Monday July 27, 2009 - 20:50:56 GMT
Share This Story
Foreign Exchange Analytics - www.fxa.com
Forex Blog - Read All Abut It, Recovery Here.
Read All Abut It, Recovery Here.
In the last week everyone from Nouriel Roubini, to Paul Krugman, to Alan Blinder, to Newsweek Magazine (Daniel Gross) has concluded the recovery is here and it is real, if tepid. I only mention these names to drive home the point that these prognosticators were among the most negative on the economy early in the crisis. Ironically the likes of Roubini were championing a current account-led crisis driving a recession, not a speculative bubble bursting in the credit market as late as the summer of 2007, but who cares if it delivers the same result â€“ a recession. Even Martin Feldstein said the economy is likely to rebound in the second half of 2009, while doubting the sustainability of a recovery with rising unemployment, ill-conceived fiscal stimulus and debt restructuring by households and firms.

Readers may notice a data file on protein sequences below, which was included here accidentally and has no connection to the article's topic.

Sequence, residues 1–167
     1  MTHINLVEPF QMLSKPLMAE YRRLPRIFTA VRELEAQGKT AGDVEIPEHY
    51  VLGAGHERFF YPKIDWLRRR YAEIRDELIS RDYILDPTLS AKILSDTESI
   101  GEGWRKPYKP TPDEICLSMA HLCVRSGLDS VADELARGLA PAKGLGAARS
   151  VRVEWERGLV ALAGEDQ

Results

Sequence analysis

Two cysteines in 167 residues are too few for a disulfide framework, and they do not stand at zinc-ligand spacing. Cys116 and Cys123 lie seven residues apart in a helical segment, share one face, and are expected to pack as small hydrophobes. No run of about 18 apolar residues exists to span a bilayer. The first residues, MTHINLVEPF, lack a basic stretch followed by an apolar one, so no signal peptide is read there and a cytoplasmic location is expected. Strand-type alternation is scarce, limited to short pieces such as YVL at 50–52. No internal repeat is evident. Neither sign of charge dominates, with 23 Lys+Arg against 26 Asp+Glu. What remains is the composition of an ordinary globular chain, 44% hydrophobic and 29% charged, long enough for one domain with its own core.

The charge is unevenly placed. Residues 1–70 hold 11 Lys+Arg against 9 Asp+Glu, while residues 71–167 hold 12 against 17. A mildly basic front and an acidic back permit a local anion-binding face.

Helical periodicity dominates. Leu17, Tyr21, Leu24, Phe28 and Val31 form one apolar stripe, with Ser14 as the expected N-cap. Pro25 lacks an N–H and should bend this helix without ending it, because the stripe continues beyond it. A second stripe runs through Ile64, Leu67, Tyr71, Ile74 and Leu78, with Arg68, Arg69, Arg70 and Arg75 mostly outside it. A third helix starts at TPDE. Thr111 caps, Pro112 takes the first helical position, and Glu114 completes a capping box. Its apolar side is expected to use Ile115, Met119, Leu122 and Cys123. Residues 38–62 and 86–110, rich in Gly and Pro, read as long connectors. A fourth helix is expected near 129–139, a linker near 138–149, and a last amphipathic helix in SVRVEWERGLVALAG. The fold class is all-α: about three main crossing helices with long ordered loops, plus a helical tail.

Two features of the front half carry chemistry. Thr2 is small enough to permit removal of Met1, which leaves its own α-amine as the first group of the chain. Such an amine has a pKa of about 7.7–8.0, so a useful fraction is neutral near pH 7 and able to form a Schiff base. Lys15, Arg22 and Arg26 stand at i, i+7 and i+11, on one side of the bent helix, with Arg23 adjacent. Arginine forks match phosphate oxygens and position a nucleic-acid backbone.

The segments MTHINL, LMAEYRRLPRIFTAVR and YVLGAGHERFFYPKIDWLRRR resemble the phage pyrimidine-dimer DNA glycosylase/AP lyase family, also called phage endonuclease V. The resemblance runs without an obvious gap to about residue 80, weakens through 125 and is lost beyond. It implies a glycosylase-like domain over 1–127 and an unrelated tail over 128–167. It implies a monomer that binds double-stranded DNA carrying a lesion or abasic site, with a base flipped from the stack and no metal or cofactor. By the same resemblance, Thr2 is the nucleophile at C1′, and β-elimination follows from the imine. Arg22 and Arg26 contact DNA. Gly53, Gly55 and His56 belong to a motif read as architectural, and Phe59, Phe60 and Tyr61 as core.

What happened? Well the Fed and Treasury kept the banking system from financial suicide, albeit at a huge economic and social cost (latter more an opportunity cost assuming there is a net loss at the end of the dayâ€¦thanks to AIG and Bear Stearns mainly). With the banking system saved from itself, and the official invitation to return to riskier assets with depressed official rates and reflationary monetary and fiscal policies in place, asset prices (as well as commodity prices) have recovered significantly and impressed upon investors, consumers and firms that holding cash balances is a fools game (not sure the final word on this is written).